We’ve written previously about ex parte decisions of the Patent Trial and Appeal Board (PTAB) affirming patent eligibility rejections that seem to be inconsistent with the USPTO’s Subject Matter Eligibility Guidance. Apparently, applicants should be wary about appealing any rejection of a diagnostic method claim, because the PTAB may enter sua sponte patent eligibility rejections even if the examiner did not make a § 101 rejection.
Ex Parte Patterson
The PTAB decision in Ex Parte Patterson, Appeal 2016-001355 (Nov. 30, 2017), is an example of such a case. The claims at issue were directed to in vitro methods of screening for cervical cancer. Claim 1 is representative:
1. A method of predicting whether a subject has a cervical intraepithelial neoplasia (ON) lesion that is a CIN2+ lesion, the method comprising: obtaining data from a labeled liquid sample of cervical cells in suspension from the subject, wherein the data are obtained by analyzing the liquid sample with a flow cytometric device and comprise per cell morphometric data and data selected from the group consisting of: per cell biomarker data, per cell DNA content data, and combinations thereof; and predicting from the per cell morphometric data and from the data selected from the group consisting of: per cell biomarker data, per cell DNA content data, and combinations thereof; whether the subject has a CIN2+ lesion.
The Prior Art Rejection On Appeal
The Examiner had rejected the claims as being obvious over a combination of prior art references. The PTAB reversed that rejection, finding that “the Examiner has not established that the prior art methods would have provided the claimed means to distinguish cancerous cervical cells from normal cells,” and agreeing with the application that “the Examiner has not established a prima facie case that a skilled artisan would have a reasonable expectation of success in predicting or determining the presence of a particular type of CIN lesion or a cancerous cervical cell using morphometric data obtained through flow cytometry.”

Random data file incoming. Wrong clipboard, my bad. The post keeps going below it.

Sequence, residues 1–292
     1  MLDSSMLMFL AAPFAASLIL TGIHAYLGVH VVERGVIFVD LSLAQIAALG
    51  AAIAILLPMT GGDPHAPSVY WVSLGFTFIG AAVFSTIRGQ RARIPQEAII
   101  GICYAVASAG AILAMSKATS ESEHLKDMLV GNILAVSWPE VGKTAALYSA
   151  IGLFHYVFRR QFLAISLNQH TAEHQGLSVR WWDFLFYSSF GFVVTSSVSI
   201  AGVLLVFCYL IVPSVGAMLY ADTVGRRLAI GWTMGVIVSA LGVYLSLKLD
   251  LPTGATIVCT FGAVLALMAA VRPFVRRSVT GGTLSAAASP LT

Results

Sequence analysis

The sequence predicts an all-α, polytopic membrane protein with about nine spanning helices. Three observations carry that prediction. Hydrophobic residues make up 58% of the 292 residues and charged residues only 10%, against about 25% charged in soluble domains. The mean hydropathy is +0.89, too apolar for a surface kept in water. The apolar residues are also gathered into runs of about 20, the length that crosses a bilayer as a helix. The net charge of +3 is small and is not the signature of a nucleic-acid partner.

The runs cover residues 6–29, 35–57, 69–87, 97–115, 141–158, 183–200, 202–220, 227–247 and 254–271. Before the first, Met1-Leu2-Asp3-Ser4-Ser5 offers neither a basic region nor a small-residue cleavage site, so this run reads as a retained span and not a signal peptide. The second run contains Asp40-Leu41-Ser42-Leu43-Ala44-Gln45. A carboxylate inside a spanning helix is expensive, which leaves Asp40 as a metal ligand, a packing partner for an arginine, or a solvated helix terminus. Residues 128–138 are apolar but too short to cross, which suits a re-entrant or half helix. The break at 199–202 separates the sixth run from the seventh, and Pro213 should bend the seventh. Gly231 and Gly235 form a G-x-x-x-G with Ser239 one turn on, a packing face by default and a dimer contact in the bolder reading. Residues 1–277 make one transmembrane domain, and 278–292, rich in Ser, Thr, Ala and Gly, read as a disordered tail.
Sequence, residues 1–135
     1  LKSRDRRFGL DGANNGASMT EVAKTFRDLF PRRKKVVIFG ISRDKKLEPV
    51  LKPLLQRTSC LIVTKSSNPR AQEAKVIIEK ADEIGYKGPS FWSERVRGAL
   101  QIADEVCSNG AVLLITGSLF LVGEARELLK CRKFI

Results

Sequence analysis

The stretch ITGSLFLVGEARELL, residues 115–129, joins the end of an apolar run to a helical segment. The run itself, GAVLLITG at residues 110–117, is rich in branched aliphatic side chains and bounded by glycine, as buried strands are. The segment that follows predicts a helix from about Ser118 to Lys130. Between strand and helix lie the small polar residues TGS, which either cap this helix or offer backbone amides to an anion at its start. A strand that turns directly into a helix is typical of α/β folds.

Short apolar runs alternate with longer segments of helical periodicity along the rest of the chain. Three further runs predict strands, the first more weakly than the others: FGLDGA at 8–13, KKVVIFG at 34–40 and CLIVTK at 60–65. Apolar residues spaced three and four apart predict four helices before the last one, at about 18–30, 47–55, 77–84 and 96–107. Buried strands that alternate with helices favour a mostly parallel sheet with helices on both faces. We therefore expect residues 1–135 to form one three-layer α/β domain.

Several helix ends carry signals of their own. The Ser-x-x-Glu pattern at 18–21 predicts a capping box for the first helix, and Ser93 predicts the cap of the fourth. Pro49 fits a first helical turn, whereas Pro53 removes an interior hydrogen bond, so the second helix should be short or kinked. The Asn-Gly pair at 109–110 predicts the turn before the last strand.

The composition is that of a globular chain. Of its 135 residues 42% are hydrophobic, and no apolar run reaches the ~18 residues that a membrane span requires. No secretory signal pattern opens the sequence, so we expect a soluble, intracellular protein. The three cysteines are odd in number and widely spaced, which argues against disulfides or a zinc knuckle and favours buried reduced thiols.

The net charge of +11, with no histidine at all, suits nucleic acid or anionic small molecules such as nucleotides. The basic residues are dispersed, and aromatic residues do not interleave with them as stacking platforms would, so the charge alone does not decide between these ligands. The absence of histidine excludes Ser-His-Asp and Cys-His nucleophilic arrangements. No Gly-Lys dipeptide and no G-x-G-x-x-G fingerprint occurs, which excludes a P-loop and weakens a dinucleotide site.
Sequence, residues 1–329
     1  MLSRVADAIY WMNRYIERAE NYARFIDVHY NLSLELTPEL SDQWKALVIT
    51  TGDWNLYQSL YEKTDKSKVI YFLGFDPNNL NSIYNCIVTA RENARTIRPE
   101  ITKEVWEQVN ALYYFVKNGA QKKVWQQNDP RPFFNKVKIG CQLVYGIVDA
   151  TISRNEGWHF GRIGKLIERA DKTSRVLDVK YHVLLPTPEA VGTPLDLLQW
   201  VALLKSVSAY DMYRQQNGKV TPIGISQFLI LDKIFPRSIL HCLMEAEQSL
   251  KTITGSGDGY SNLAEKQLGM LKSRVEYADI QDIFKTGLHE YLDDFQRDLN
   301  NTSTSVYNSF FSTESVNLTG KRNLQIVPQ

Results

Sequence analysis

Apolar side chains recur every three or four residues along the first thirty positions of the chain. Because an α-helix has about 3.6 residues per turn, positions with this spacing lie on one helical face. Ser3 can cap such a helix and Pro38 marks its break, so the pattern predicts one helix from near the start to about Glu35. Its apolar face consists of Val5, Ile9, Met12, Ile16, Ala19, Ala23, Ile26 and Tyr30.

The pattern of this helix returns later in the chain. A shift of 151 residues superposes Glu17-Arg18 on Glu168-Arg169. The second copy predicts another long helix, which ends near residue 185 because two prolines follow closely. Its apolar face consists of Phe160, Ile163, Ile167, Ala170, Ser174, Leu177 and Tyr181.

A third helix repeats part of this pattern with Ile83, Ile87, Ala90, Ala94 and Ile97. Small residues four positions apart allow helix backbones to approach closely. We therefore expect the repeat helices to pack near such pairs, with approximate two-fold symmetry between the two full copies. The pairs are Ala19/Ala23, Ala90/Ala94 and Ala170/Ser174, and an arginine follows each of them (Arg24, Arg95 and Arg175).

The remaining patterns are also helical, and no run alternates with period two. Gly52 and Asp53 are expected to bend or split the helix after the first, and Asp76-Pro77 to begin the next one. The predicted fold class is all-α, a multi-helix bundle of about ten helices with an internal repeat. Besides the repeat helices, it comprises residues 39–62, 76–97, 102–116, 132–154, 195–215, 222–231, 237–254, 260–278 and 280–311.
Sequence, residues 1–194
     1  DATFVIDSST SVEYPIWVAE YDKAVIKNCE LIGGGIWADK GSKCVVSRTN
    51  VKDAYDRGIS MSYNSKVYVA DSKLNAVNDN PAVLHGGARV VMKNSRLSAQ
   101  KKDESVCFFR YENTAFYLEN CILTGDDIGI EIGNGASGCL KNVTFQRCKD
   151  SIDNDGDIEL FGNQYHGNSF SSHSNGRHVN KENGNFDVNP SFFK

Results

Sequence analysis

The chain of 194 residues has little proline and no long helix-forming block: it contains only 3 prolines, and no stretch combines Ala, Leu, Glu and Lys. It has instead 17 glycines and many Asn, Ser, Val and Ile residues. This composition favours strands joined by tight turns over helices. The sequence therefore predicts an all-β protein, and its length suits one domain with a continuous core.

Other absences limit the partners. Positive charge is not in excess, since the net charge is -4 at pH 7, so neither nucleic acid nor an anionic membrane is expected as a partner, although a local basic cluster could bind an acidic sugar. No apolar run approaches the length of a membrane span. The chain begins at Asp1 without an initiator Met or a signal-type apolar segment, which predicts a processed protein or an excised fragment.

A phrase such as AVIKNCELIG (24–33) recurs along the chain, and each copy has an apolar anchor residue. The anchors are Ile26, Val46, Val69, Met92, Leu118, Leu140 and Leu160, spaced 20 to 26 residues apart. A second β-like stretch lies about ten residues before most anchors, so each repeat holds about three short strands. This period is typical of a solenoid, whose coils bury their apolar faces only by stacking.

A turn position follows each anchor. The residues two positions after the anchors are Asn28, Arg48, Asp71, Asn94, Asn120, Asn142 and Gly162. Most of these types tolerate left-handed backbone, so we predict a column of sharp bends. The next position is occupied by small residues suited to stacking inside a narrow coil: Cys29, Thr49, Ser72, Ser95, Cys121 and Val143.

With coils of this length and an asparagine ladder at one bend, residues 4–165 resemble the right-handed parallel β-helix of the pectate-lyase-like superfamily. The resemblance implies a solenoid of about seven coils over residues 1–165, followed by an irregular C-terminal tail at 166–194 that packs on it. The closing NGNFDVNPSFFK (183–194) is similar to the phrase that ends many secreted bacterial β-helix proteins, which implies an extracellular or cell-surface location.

The New Patent Eligibility Rejection
The PTAB cited the Supreme Court’s Myriad decision for the proposition that its “finding of non-obviousness, … does not necessarily lead to the conclusion that subject matter is patentable eligible.” The PTAB applied the two-step analytical framework set forth in Supreme Court’s Mayo decision, and entered a new rejection under § 101.
The PTAB’s analysis under Mayo/Alice step 2 explains its non-obvious but still non-eligible determination:
Like the claims in Mayo, the manipulative steps of claim 1 on appeal “consist of well-understood, routine, conventional activity,” as shown by Ling and Basiji. ….
Neither does considering the above steps as an ordered combination add anything new to the law of nature that is not already present when the steps are considered separately. In this respect, we note that our conclusion that the Examiner has not shown claim 1 to be obvious over Ling and Basiji does not change our conclusion that claim 1 is directed to an abstract idea without sufficiently more to transform the claim into a patent-eligible application. …. Here, Basiji shows that obtaining cell morphometric data via flow cytometry … is something routinely engaged in by the scientific community. (FF12-FF18.) The fact that such data can also be used to predict the presence of a CIN2+ lesion, despite lack of a reasonable expectation of success … does not transform the claim into a patent-eligible application of the natural correlation between cell morphometric data generally (as the claim requires) and cell biomarker or cell DNA content data and presence of a particular type of cervical lesion.
The PTAB noted that the claims did “not recite a new method of performing flow cytometry,” and the applicant did not assert that the flow cytometer used is “structurally distinguishable from [the prior art] imaging flow cytometer.”
Thus, the PTAB invoked 37 C.F.R. § 41.50(b) and entered a new ground of rejection.
A Victim Of Evolving Standards?
When the Appeal Brief was filed in this case, the Federal Circuit had not yet issued its decision in Arisoa, and many believed that a diagnostic method involving specifically recited, concrete method steps that was patentable over the prior art passed muster under § 101. This decision underscores the way patent eligibility standards have evolved over the past few years, and highlights the more difficult scrutiny that novel, non-obvious, and even “[g]roundbreaking, innovative, or … brilliant” diagnostic methods face today.